Now gallantly streaming on Spotify and Amazon Prime, America’s national anthem is a relatively new idea that found its legal place in our national identity as late as 1931.
This 1814 copy of “The Star-Spangled Banner” was the first printed edition to combine the words and sheet music. Currently this is one of only ten copies known to exist, and is housed in the Library of Congress.
Imagine the White House burned to cinder.
The Capitol collapsing into smoke and char.
The lane between the two a soot-choked corridor of smoldering federal buildings.
If you can imagine that scene, then you know exactly what British troops left behind them as they marched from D.C. to Baltimore in the late summer of 1814, as the “War of 1812”—a trade skirmish that escalated into full-blown war—waged into its third year. The young nation, only recently liberated from Britain after the Revolutionary War, found itself on the brink of a royal thrumming by the war powers of England. Bankrupt, obliterated and with its government on the run from advancing British troops, the struggling republic toppled towards dissolution. If Baltimore fell, there would be no hope for America’s survival. With the Brits closing in from Canada, inching warships into the Patapsco River toward Baltimore’s Fort McHenry and marching 4,500 highly-trained soldiers to the city, the nation looked as though it would soon be back under British control.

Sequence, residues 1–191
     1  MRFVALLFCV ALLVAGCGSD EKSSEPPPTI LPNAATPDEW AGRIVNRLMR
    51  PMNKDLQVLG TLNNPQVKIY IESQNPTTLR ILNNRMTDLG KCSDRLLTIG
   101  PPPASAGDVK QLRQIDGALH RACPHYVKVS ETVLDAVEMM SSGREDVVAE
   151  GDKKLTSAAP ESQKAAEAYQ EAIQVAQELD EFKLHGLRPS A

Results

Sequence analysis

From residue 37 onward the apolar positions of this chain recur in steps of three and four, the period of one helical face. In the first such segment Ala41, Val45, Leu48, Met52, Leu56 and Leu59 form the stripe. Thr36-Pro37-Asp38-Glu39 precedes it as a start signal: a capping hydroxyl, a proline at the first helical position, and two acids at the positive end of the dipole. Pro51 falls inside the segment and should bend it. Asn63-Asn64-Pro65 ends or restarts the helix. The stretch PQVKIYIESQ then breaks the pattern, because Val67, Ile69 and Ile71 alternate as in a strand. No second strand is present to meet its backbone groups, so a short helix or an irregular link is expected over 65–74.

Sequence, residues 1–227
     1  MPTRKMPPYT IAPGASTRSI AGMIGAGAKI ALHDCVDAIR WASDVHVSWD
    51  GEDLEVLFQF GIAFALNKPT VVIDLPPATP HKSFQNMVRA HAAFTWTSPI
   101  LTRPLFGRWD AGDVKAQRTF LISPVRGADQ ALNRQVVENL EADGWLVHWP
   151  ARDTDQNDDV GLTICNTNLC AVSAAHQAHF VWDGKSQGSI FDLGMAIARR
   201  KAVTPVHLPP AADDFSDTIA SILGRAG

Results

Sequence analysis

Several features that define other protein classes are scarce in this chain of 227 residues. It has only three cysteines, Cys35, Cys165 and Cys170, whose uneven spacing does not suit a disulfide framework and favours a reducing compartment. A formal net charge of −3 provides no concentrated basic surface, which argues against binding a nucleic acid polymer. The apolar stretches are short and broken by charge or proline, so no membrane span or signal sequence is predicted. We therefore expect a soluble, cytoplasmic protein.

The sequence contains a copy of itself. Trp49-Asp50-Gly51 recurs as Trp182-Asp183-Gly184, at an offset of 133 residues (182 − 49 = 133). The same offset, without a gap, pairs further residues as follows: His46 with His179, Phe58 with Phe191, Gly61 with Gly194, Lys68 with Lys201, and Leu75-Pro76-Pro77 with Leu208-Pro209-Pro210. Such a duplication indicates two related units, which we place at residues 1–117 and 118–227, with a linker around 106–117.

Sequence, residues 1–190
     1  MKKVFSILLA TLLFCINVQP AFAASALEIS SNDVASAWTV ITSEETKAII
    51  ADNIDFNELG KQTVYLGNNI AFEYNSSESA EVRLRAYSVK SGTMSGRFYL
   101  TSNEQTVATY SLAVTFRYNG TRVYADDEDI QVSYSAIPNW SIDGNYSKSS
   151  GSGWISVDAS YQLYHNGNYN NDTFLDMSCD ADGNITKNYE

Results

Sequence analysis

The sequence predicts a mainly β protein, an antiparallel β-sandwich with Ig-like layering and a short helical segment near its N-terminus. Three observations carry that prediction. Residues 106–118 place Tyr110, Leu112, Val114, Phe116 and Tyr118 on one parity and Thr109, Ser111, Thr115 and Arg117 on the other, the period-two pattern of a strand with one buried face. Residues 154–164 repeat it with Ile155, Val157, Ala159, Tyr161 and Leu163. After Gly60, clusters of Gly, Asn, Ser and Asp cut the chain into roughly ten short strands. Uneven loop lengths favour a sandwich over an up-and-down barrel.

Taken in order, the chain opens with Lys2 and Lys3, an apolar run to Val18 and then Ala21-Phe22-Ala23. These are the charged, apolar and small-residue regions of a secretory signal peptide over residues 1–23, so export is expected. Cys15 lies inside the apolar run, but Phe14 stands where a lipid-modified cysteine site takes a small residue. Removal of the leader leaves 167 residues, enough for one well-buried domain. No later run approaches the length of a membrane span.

With these high stakes, the citizens of Baltimore threw their might against the British, banning together to reinforce the harbor and the city. As the 4,500 redcoats advanced on the city, they were met by 15,000 American citizens manning an unexpectedly impressive defensive earthworks. For 25 hours, the formidable British navy lobbed bombs and artillery at Fort McHenry trying to force a surrender that never came. When the sun rose in the morning, American soldiers hoisted a 42-foot-by-30-foot American flag, known as the star-spangled banner, over the fort as the British beat a grudging retreat.